Charles S. Eagle, a business man and mannfacturer at Topeka, is a native Kansan, and his family history is closely identified with the early border days of this state.
His father, James Eagle, who came to Kansas in 1856 and located in Douglas County, kept a hotel for several years on the old California trail at Big Springs. That was before the day of railroads, and his hotel supplied a service to the great traffic that went by his doors in stage coaches and prairie schooners. Like most other early settlers in Kansas he was drawn into the border and factional warfare, and was one of the men siain in the Battle of the Blue. He was married in Indiana to Sarah Ann Matilda Fry, who is still living and a resident of Topeka, being one of the interesting survivors of that pre-statehood period in Kansas. She was the mother of four children, and the three now living are: George M. of Topeka; Charles S.; and Elizabeth Alice, widow of Benjamin Ost.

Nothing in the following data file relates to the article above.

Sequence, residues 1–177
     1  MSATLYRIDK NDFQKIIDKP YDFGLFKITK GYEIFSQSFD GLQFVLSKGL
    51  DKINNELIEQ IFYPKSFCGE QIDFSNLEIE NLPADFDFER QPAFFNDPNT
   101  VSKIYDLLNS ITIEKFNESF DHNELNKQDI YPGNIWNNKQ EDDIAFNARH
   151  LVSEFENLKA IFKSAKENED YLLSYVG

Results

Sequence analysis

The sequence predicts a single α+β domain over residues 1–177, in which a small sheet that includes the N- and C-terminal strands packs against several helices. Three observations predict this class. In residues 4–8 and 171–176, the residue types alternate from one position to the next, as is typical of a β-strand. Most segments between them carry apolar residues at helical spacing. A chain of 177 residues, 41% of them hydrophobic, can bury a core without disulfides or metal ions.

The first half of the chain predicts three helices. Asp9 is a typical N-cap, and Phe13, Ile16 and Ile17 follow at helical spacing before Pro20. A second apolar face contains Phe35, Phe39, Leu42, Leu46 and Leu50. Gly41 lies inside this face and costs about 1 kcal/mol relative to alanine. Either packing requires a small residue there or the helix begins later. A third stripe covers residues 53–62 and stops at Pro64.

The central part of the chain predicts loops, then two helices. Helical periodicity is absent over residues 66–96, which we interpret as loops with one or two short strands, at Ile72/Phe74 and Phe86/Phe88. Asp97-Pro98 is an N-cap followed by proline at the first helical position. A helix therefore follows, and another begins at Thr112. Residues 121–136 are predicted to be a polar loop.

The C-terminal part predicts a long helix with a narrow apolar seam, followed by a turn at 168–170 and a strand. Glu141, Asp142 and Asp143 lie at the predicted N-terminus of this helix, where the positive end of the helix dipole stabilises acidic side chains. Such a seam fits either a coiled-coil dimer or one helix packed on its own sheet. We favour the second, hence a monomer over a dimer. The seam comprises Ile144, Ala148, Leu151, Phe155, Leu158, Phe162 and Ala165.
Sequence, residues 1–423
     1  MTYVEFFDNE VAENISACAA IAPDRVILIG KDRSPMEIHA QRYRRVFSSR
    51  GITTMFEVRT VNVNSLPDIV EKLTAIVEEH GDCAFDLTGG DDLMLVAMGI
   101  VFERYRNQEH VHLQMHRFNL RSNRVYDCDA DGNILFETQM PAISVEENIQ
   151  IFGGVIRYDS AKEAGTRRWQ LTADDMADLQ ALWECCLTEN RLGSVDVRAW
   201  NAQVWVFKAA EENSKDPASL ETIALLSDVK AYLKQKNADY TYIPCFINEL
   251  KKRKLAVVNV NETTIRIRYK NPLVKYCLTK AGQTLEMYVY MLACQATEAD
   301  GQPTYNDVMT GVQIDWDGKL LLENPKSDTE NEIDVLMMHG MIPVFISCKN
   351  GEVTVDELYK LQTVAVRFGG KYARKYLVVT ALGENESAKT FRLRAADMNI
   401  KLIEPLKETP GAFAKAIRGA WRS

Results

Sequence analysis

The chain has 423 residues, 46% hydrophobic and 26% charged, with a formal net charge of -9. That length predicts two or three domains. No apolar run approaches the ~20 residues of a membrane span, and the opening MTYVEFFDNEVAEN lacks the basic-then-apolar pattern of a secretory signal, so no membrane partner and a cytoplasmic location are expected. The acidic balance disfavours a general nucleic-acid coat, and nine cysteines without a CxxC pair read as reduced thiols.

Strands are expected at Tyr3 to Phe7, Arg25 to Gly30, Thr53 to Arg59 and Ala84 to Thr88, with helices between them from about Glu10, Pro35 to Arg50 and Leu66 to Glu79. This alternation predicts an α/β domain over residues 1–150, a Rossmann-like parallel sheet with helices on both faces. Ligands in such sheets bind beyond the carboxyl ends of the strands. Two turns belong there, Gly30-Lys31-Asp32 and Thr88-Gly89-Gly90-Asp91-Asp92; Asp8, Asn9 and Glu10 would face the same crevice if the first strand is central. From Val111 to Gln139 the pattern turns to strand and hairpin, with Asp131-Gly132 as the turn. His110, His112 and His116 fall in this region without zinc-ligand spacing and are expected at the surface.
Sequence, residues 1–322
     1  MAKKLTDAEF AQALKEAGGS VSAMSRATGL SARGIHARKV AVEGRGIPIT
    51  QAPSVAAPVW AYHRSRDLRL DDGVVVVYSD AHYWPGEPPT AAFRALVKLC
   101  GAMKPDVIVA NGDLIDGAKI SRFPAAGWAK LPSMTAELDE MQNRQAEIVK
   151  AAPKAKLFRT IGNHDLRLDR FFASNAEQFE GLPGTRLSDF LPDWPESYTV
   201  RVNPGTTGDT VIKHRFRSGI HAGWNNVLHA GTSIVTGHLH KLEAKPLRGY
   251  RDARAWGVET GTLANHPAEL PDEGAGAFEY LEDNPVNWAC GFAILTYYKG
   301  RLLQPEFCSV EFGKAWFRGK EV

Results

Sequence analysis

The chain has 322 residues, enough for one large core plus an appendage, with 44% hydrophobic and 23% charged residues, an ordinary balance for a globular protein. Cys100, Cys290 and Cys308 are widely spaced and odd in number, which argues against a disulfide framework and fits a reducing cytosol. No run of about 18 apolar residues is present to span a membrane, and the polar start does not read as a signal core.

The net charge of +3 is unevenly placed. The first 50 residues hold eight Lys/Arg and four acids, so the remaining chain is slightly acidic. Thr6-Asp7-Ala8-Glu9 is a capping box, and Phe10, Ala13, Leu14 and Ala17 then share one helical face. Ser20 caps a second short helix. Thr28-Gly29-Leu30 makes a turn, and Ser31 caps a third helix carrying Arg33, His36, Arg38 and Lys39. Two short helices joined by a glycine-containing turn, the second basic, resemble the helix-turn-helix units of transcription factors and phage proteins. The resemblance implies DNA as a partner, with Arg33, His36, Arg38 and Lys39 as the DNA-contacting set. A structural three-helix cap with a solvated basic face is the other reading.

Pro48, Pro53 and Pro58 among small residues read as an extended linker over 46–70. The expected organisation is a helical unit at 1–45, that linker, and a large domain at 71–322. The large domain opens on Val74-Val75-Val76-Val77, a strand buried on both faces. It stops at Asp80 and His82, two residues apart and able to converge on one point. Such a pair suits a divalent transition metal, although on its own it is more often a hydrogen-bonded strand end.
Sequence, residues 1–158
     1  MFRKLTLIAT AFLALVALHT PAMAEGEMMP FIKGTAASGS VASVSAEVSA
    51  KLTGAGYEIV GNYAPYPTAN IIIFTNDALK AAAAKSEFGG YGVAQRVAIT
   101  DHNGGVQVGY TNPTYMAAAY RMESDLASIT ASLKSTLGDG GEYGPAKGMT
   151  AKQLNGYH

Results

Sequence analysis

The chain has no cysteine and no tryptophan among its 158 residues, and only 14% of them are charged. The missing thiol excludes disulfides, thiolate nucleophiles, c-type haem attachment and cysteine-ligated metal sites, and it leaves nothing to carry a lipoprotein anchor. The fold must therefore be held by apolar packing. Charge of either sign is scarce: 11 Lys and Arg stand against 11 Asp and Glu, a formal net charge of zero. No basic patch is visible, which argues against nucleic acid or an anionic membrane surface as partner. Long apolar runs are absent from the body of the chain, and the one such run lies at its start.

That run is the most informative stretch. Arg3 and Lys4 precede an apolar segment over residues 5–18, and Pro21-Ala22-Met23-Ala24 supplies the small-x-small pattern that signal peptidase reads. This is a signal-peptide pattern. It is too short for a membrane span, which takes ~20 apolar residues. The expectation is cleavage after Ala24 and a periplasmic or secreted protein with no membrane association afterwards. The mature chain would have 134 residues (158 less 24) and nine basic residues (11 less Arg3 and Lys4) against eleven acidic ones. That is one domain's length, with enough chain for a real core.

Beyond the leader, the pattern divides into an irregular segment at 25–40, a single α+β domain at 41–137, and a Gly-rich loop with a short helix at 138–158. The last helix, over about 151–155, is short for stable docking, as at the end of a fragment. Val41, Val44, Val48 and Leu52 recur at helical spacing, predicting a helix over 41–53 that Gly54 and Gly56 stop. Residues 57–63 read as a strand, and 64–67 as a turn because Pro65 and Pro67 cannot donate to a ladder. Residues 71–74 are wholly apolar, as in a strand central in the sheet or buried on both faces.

Charles S. Eagle was born at Big Springs in Douglas County, Kansas, May 13, 1857, and had spent practically all his life within the borders of the Sunflower State. He grew up on a farm south of Lawrence, attended the public schools and also attended the schools of Lawrence, and he early found opportunity to make his own way in the world. For four years he worked in the wood department of the Santa Fe Railway.
In 1880 Mr. Eagle embarked in the retail eigar business and also became a eigar manufacturer. After thirty-five years he retired in 1915 from the retail business and is now giving his entire time to his cigar factory, which is one of the largest in the State of Kansas. It furnishes employment to about forty workmen, and transacts an annual business valued at about seventy-five thousand dollars.
Mr. Eagle is a member of the Topeka Commercial Club, is a democrat, and is affiliated with the Benevolent and Protective Order of Elks, and is also a member of the Country Club. In 1884 he married Mary Frederika Wikidal, of Canton, Ohio. Their one son is Harry W.